MILLER CITY, IL (KFVS) - Alexander County has seen more than it's fair share of flooding.
Many communities in the county feel used to dealing with flooding conditions after the major flooding events lately in 2011, 2016 and now 2017.
For those in Miller City, flooding is a way of life they have grown accustomed to.
We tagged along with Jennifer Korte, Brandon Dillow and her children as they took a boat ride back to their home on Sunday, May 7.
Along the way, we saw the floodwaters threatening every single structure in the Miller City area. But that's not all. The waters have also washed out roads and damaged the land.
"Cleanup is going to be the worst problem," Korte said. "Trying to get the roads repaired so the farmers can get back to their fields. Because it's that time of year. To make a living is their main goal."
Many don't live in the Miller City area like they used to. Flooding throughout the years caused many to leave. However those who have stayed say it's a new way of life having to deal with the threat of flooding at any time especially with a broken levee now.
Korte said they are all a family there and will stick together.
"We learn to adapt," Korte said. "You learn to keep notes, very good notes. You learn to adapt and it becomes a way of life."
Korte and her family have been keeping notes of where the floodwaters reach their home and roads in comparison to the river levels.
"In the New Year's Flood, we kept a journal based on having a levee," Korte explained. "Now we've learned to keep a journal based on not having a levee so we know where we stand for the water and how we are going to be able to fix our levee around our homes and how we are going to get in and out of with our boats."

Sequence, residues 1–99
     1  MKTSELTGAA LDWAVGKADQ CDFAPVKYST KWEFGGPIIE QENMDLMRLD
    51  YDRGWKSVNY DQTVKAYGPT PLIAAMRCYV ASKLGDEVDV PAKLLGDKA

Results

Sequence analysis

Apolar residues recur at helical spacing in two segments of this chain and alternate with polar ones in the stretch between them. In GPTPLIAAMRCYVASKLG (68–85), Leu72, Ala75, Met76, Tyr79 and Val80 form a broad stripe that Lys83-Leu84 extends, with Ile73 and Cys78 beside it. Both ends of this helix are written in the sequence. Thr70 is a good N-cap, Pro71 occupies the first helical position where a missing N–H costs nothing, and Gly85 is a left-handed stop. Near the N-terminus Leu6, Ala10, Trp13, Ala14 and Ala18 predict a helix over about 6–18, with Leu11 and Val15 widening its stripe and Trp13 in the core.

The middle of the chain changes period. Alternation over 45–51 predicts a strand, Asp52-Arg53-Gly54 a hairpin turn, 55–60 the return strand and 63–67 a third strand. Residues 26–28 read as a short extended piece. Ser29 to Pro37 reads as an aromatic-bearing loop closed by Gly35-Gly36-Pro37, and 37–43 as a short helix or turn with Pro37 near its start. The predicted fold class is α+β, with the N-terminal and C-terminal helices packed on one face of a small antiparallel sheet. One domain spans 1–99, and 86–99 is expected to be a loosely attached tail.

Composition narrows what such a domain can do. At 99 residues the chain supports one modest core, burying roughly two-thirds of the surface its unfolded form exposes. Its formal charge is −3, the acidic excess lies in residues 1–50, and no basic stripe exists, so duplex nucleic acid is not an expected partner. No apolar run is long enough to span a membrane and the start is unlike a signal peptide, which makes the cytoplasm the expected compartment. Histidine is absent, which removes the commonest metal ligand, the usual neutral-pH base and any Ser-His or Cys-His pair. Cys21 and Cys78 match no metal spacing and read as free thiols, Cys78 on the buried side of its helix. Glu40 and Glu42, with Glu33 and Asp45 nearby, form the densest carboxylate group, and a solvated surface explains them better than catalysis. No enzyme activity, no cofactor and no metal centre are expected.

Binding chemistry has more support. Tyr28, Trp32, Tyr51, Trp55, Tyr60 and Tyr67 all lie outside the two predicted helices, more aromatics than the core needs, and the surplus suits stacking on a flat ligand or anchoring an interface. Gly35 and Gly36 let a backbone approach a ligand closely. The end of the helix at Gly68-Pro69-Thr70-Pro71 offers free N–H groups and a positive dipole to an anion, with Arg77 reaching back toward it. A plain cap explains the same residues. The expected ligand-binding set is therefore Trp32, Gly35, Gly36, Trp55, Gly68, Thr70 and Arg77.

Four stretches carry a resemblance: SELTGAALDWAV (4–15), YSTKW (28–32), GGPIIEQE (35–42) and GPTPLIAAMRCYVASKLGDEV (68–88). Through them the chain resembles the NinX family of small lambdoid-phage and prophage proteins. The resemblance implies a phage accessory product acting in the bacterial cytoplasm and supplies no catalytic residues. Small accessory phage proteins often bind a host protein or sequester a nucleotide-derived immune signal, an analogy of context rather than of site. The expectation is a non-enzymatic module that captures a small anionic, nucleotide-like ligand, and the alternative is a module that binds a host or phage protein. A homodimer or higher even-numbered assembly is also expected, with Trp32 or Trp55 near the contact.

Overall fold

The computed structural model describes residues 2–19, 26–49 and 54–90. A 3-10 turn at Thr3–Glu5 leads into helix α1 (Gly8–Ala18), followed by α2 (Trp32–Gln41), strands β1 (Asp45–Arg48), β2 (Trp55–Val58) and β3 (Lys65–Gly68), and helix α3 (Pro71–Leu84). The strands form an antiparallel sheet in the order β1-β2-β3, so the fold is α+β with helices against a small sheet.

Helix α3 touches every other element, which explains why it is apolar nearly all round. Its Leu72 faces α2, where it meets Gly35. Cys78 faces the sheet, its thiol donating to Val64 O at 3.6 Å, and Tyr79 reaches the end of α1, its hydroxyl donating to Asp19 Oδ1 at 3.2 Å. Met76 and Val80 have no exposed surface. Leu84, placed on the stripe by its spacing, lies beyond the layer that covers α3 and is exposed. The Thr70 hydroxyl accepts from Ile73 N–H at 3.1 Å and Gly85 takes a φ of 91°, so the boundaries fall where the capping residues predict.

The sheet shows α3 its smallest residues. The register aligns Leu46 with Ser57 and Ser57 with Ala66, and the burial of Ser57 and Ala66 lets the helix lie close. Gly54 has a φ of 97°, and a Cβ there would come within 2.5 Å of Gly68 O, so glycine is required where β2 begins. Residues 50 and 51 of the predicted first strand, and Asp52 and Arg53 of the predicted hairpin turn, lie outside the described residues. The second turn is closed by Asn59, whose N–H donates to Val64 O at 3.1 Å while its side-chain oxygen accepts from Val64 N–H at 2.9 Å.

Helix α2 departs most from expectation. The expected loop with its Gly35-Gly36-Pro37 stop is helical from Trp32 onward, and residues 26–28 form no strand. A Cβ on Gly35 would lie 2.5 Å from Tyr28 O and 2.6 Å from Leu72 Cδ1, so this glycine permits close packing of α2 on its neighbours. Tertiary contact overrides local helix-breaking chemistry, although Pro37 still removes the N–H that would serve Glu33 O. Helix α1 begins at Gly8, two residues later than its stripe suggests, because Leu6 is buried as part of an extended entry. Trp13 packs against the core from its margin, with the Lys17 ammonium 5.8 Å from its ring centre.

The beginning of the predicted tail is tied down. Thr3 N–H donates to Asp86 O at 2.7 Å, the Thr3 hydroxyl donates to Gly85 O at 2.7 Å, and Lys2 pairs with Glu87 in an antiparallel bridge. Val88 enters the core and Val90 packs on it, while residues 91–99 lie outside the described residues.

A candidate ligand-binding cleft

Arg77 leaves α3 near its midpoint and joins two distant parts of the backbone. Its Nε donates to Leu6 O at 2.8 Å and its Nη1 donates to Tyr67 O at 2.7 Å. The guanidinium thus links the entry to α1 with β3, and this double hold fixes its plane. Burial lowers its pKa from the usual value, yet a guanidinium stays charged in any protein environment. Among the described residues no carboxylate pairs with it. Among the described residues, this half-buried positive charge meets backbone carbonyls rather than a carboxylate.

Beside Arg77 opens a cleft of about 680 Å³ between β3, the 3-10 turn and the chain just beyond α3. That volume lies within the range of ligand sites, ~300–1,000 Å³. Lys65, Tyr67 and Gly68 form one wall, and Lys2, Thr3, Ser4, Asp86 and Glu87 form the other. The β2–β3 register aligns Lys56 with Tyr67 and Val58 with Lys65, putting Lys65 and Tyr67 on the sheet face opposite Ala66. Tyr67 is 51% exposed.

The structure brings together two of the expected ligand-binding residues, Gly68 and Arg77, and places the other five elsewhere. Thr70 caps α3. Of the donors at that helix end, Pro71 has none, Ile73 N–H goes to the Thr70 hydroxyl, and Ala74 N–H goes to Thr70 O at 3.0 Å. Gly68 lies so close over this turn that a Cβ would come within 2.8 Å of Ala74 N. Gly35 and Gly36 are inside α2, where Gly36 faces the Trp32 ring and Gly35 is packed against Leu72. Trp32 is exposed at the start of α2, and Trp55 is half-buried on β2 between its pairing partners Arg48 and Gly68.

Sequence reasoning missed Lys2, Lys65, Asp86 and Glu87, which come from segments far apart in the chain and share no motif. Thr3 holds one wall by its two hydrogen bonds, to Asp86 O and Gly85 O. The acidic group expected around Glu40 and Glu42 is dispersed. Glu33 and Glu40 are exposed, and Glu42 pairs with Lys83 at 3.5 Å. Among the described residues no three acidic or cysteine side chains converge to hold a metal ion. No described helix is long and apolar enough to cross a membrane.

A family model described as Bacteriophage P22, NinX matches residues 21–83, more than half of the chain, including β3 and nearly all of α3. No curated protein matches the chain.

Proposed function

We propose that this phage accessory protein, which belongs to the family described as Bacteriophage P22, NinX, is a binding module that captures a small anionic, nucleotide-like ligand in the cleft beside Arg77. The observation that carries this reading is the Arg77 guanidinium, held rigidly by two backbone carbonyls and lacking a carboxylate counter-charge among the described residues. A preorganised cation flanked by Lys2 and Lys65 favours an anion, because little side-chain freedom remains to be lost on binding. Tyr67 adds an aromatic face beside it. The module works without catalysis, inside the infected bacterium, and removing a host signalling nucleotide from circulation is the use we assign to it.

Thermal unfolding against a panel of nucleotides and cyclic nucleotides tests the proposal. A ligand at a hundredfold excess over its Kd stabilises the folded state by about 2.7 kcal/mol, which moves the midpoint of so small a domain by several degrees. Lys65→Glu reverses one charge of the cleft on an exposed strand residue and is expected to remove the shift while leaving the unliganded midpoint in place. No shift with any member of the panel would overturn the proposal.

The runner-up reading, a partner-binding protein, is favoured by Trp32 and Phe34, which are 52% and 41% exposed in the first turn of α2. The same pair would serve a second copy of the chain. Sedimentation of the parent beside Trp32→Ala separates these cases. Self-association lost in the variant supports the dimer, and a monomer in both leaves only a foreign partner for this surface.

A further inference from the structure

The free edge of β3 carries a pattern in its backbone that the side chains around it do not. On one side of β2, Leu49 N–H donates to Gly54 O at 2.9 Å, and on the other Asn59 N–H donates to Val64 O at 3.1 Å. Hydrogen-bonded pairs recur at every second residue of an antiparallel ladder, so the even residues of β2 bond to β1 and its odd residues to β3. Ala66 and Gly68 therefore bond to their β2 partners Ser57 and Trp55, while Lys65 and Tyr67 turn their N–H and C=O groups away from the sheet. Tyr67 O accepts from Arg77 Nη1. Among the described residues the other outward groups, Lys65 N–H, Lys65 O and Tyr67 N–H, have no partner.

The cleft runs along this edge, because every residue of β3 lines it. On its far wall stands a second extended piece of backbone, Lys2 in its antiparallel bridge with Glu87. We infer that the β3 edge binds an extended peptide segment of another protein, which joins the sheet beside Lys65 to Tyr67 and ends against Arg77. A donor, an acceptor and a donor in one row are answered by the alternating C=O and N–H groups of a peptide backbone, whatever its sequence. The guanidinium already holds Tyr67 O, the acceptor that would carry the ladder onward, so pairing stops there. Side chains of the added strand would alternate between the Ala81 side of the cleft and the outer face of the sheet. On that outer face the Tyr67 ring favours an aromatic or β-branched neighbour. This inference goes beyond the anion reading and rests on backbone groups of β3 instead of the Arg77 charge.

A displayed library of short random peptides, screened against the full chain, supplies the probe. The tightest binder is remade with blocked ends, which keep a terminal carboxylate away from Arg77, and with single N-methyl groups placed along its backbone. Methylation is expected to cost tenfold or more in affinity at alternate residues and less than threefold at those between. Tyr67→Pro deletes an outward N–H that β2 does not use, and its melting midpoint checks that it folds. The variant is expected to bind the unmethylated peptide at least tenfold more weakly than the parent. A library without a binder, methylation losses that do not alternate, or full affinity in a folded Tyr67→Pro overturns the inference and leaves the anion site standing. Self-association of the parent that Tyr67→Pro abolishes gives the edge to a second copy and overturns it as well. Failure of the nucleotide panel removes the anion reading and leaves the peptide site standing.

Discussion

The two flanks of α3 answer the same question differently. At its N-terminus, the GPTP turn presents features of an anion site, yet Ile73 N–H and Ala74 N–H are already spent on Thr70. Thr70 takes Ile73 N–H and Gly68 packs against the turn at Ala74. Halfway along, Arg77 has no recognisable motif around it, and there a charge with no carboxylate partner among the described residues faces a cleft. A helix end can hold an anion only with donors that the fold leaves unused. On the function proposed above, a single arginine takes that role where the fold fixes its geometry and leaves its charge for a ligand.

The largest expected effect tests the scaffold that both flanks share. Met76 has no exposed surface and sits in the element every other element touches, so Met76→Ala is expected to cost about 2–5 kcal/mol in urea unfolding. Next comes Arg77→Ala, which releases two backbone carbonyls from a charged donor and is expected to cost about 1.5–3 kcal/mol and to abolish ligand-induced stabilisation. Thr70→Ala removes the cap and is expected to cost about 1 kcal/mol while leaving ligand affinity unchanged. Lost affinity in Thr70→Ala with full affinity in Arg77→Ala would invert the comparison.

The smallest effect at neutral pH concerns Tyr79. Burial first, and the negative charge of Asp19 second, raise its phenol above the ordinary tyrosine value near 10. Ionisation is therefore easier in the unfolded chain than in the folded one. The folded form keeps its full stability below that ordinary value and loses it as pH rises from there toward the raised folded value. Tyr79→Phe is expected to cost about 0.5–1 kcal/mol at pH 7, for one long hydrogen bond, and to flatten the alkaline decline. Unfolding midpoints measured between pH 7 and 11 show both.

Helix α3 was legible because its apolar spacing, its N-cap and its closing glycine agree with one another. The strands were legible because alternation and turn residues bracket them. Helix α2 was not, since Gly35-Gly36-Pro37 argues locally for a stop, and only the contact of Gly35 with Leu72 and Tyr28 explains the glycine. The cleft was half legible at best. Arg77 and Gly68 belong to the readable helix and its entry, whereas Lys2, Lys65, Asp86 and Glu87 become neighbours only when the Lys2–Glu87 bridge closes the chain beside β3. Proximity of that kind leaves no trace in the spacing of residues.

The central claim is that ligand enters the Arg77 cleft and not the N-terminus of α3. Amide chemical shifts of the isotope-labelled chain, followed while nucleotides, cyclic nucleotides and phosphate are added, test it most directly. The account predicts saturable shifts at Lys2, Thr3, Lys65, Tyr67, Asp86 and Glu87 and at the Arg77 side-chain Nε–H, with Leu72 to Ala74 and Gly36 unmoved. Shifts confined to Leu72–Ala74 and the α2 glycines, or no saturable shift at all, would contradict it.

Korte said it's important to stay here where she calls home. No matter how many floods are thrown her way.
"A lot of people don't understand why a person would want to stay down here and fight this every year, fight this sometimes twice a year. It's home," Korte said.
Korte has a levee they built around her and her neighbors property. They first built it for the flood in 2011. Unfortunately, the levee gave way to the floodwaters in that record breaking flood.
However, after that, they built it higher and stronger before the 2016 flood hit and then the waters never hit their homes.
Now they sit in the middle of the major sprint flooding as the waters crest around their home. Their levee stands strong and is not budging.
They watch both the Mississippi River and the Ohio River levels closely and learn what roads and paths are available by boat at certain levels.
After the floodwaters start to recede, they will count their blessings and prepare for the ongoing possibility of yet another flood.
"We will pick up the pieces," Korte added. "We're family and family sticks together and we take care of each other. Rivers flooding, fire, anything in between, we stick together and we're going to do it."
As far as the broken Lens Small Levee, farmers plan to start rebuilding that once they get some lasting dryer conditions.